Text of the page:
Cannabis industry says the feds’ failed response to VAPI was a warning about coronavirus

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Man vaping an e-cigarette. Photo credit: Pixabay.

It’s hard to believe, but  six months ago, no one was worried about coronavirus. People were worried about another epidemic: VAPI, or vaping associated pulmonary injury. The outbreak spawned more than 2,500 cases across the United States, resulting in 64 deaths. Some  in the cannabis industry say the federal government’s bungled response to VAPI was a precursor to the slow, clumsy reaction to COVID-19. 

David Downs, the California Bureau Chief for Leafly, says that the federal government was “flabbergasted” at the initial reports of VAPI. 

“They had no idea that tens of millions of Americans were using this electronic hardware from China and combining it with this range of active drug ingredients and secondary inactive chemicals, or that some of them had been diverted from the cosmetics and dietary supply chains and into people's lungs,” he says. “Thankfully, vaping was not at all contagious. It was a mass injury from a novel chemical exposure.”

Downs doesn’t think the agency did anything wrong.  He says that it’s set up to fail.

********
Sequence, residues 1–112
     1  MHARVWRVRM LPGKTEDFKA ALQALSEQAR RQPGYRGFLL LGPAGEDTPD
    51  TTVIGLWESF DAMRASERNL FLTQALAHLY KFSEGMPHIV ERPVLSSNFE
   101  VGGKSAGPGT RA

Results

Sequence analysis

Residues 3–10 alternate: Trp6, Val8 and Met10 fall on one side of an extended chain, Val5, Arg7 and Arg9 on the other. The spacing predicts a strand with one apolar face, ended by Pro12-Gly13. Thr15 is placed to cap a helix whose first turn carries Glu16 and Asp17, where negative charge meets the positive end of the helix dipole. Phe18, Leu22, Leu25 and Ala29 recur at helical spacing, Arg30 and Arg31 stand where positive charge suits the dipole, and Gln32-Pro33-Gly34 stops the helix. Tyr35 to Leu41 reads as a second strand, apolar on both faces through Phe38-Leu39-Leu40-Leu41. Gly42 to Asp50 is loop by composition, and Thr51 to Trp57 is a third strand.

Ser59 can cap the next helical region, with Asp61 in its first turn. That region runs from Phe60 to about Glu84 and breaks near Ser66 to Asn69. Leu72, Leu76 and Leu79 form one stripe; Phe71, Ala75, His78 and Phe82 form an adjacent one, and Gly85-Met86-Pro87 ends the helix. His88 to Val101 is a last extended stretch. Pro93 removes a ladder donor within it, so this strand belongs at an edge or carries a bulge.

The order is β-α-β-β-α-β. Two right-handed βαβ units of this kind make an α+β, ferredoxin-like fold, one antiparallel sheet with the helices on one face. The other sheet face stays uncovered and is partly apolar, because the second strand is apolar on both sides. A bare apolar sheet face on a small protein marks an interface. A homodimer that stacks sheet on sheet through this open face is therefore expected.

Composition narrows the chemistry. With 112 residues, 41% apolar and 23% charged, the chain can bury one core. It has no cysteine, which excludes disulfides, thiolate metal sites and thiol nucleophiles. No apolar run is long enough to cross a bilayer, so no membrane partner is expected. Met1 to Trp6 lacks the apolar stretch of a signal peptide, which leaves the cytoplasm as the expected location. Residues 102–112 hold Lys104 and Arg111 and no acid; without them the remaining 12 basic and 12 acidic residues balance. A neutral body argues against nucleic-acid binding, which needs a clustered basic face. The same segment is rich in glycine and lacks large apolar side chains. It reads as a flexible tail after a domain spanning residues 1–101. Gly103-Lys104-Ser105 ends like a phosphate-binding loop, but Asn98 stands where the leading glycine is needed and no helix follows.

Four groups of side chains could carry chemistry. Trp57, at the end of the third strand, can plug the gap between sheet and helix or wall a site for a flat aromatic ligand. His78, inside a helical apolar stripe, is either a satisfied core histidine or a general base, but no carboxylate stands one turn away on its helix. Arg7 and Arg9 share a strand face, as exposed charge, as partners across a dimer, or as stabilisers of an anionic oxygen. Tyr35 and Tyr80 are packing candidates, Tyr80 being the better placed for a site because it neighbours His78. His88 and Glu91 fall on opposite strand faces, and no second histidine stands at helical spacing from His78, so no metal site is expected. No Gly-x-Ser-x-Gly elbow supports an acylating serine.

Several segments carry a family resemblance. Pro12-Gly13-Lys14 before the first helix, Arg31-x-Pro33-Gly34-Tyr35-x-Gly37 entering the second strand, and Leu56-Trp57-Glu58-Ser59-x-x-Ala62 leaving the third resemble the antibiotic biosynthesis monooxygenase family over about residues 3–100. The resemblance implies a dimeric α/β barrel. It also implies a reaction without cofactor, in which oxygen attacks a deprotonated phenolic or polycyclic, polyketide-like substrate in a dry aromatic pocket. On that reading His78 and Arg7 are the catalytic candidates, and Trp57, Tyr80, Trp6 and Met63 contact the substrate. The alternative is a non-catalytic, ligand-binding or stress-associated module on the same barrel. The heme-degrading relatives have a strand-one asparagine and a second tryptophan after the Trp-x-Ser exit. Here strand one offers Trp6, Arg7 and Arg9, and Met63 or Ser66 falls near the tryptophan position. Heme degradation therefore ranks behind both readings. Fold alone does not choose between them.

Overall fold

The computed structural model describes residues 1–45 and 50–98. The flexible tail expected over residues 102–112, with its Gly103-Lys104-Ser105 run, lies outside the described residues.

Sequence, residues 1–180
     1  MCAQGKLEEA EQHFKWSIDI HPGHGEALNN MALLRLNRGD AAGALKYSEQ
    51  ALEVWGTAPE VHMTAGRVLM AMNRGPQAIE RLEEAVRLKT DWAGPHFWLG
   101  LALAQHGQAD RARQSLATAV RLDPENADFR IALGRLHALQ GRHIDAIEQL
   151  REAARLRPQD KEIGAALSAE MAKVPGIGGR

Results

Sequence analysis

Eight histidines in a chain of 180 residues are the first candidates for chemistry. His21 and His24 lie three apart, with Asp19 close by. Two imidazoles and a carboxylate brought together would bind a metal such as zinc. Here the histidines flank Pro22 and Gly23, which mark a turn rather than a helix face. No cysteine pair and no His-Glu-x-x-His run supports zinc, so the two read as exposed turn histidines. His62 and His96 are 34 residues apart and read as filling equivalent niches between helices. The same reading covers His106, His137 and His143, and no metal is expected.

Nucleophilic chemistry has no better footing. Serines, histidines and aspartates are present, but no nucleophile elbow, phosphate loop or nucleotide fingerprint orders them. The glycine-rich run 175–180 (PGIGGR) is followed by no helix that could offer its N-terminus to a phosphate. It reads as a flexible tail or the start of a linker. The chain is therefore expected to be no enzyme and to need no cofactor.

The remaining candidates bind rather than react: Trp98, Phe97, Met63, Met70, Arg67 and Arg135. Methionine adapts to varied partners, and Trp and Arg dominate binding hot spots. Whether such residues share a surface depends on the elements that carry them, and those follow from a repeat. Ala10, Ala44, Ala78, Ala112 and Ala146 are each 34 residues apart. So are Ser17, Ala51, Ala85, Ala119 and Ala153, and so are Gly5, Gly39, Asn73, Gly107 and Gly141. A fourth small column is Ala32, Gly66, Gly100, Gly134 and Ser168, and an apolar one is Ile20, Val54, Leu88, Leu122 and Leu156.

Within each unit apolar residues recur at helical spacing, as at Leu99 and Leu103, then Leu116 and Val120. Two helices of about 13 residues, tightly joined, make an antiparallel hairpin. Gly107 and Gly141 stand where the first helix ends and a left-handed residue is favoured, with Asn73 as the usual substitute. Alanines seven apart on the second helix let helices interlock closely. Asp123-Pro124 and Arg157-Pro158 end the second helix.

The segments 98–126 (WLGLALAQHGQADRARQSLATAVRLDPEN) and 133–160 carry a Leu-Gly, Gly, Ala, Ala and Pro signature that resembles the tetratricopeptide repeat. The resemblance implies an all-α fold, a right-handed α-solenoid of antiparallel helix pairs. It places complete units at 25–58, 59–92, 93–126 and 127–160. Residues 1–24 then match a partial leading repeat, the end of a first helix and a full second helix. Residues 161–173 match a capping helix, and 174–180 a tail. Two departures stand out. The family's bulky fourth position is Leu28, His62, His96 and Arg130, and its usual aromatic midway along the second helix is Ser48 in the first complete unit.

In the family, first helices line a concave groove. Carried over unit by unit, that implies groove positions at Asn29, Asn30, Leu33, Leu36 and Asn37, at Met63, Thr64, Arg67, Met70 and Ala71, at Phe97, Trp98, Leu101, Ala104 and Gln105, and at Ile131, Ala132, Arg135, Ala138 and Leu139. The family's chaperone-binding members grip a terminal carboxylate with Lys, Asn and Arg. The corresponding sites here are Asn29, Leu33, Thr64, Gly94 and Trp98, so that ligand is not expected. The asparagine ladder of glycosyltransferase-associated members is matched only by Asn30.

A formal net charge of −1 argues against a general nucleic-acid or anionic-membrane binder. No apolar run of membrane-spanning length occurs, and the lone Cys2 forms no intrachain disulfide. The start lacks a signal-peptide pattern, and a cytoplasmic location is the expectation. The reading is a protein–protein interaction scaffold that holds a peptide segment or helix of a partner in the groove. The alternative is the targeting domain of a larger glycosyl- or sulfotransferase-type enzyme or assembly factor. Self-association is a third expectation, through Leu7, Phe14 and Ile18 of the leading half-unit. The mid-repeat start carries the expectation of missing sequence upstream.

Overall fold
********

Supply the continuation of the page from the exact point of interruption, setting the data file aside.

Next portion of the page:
“They're chronically underfunded. That makes them under-resourced technologically. They're also a sclerotic federal agency. And so we found them constantly mired in red tape as well as subject to political whims as opposed to health priorities.”

Cases of VAPI are virtually non-existent as of April 2020. The CDC no longer tracks reports of the illness. Downs says that’s because  consumers got smart after reading reports about the additive vitamin E acetate. Months after investigations were published, the CDC finally agreed with reports from outlets like Leafly that the chemical was causing VAPI. 

“In both stories, we saw an anti-international bias in science, medicine and politics. With VAPI and COVID-19, international data and voices were initially ignored.” Downs says. “The line here is what I dubbed the theater of emergency response, whether it's Katrina or wildfires or VAPI or COVID, our institutional emergency response capabilities are actually paper thin. We've defunded them and now they're very performative. They're like a show. But the good news is ... we do have the free flow of information and our own intelligence and in creativity protect ourselves and each other. And that's how we'll beat COVID-19. We can break these chains of transmission, but it's on all of us and nobody is coming to our rescue.”



Larry Perel


Cerise Castle